Smarter Tables with Sketch + Paddy
Table views are often a necessary evil in product design and design systems, but using tips and some helpful plugins, we can build a template that will do a lot of the heavy lifting for you in the future.
I recently introduced the new plugin Paddy to my Sketch workflow and have been excited to find more and more ways to make smarter symbols and components. If you aren’t familiar with Paddy, you should check it out here and read through their documentation. You will need to download and install Paddy in order to follow along with this tutorial.
Here is a link to the Sketch file created from the tutorial, if you need to reference it (or just want to skip to the end).
1. Building Your Cell Symbol
The cell is the smallest component you will integrate into the table, so it is important to start there. We will be using Paddy’s custom layer naming attributes to help create a smarter, auto-resizing cell.
1 — First Steps
Create a rectangular shape with it’s height equal to your intended row height and a width of around 120px and name it
cellBackground. Now add a new text shape within the rectangle and rename this layer to
Group these two layer’s together and name it
table / cell / standard. This naming structure helps organize your symbol list and allows you to fork the symbol and create different non-standard cell symbols and table elements.
cellText layer to be 12px (or your padding of choice) from the left and right side of the
cellBackground. Additionally, set the
cellText layer’s resizing options to pin to the left, right, and top edge. This forces your cell to maintain a fixed column width inside your table and allows the text to wrap to a second line.
Finally, create a new symbol from them by selecting the group and going to
Layer > Create Symbol. Double-click the symbol to jump to the symbol editing page to continue with the next step.
2 — Setting Up ‘Paddy’ Padding Values
The cell background shape will use Paddy to maintain specified margins around the text. Select your
cellText layer and navigate to the
Plugins > Paddy > Imply Padding for Selection You will notice that a string of values will be added to your
cellBackground . Depending on your
cellText padding from each side, you may end up with 2-4 values in between square brackets (
). These follow traditional CSS padding order of
[top right bottom left]. Reference Paddy's documentation for more info on these attributes.
Now we want to edit those preset padding values. We want to replace the left and right padding values with
x. This tells Paddy to ignore padding for those edges, which stops our cell from resizing automatically when we define our column widths in a table.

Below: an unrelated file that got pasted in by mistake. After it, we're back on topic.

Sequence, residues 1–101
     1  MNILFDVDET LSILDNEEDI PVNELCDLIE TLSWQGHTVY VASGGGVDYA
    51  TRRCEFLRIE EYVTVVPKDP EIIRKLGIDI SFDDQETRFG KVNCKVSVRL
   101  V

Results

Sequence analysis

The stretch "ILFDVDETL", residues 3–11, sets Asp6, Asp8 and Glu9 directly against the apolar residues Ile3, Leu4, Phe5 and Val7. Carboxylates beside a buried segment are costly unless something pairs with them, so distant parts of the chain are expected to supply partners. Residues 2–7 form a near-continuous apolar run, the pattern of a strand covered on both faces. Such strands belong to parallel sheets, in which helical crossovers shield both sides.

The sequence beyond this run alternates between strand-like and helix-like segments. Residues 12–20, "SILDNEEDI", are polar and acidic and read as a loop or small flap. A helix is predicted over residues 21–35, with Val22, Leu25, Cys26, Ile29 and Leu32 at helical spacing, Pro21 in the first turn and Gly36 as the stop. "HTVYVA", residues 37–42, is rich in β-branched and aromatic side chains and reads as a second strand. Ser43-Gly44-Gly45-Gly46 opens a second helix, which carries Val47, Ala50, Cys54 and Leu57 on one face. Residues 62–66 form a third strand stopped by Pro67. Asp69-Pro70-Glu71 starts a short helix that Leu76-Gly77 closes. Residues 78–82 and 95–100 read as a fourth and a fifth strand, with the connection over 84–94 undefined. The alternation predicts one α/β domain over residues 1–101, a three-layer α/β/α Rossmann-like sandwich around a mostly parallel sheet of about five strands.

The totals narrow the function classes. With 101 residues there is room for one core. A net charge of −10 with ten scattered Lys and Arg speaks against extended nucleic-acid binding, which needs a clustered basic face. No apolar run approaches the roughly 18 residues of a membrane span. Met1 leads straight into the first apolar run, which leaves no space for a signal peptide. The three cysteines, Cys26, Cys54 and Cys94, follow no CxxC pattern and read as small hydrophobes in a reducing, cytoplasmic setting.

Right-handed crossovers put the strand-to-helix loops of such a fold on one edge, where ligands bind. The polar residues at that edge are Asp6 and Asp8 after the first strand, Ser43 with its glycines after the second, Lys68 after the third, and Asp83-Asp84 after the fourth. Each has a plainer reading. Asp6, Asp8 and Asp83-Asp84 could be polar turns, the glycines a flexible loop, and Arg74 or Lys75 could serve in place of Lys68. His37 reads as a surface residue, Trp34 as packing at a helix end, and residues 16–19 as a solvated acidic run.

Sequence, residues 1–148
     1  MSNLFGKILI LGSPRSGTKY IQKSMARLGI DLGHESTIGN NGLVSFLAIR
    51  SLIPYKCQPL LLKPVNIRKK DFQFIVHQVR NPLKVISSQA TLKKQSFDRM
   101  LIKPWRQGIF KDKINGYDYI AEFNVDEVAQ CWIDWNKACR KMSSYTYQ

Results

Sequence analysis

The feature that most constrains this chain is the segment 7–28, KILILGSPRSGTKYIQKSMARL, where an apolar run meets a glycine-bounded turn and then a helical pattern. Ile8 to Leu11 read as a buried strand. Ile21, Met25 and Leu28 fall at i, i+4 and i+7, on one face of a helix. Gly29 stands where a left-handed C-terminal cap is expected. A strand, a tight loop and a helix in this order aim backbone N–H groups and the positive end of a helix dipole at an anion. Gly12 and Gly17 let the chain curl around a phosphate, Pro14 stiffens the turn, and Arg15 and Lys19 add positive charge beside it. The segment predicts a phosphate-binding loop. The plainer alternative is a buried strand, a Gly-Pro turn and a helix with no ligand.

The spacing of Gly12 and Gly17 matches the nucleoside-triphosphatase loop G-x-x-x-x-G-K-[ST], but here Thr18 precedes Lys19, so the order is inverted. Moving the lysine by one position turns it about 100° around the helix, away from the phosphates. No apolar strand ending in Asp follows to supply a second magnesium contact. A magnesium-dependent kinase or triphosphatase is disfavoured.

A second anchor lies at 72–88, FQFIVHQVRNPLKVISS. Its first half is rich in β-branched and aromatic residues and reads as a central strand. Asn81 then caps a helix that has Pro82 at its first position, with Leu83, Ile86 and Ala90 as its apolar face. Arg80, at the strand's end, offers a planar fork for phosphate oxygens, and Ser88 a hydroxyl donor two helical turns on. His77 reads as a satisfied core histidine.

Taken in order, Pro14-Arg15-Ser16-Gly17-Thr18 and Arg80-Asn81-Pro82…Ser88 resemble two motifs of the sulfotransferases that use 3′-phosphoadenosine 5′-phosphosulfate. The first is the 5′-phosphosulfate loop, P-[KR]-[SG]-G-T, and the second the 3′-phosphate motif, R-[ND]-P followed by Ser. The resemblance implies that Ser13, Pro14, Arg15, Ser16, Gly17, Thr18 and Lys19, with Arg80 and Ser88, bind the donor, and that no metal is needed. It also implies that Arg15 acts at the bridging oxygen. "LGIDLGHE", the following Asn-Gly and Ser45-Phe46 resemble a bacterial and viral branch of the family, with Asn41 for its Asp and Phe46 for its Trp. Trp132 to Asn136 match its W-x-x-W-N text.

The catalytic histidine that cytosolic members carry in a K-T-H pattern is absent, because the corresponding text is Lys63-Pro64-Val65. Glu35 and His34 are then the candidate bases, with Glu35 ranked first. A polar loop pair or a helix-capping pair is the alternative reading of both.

We will also attach a minimum height value to the
cellBackground layer that is equal to your cell’s height. We will do this by adding appending
;h >= YOURCELLHEIGHT after your padding values on the
cellBackground layer name.
3 — Testing the Symbol
Now that you have the cell symbol created, insert it into one of your artboards and test the Symbol Overrides to be sure Paddy is working properly. You may need to
Enable Automatic Updating in Paddy's plugin preferences.
Inside your newly placed cell symbol, try inserting a long string of text. You should see the symbol automatically grow in height to allow for the text to wrap. Now resize the width of the cell to fit the text on one line. Pretty handy, right?
2. Merging Cells into a Table Row
Now that we have our bulletproof cell symbol created, let's use them to create our first table row. We will be using Paddy's 'Spacing and Distribution' features to keep our cells tightly aligned. This feature allows you add spacing and distribution properties to a parent group and have those settings affect its children. You can do this on both a horizontal and vertical axis, but for now we will be focused on the horizontal axis in order to distribute cell items evenly across our table row.
1 —Setting Up Your Data
Insert a few (try at least four) cell symbols into an artboard and fill in some dummy text data. Feel free to make the cells variable in width depending on the data you want to use. In our case, I will create a basic table listing of user data including: name, job title, email, and phone number. This is also a good opportunity to rename your layers to reference the data they hold.
2 — Adding ‘Paddy’ Parameters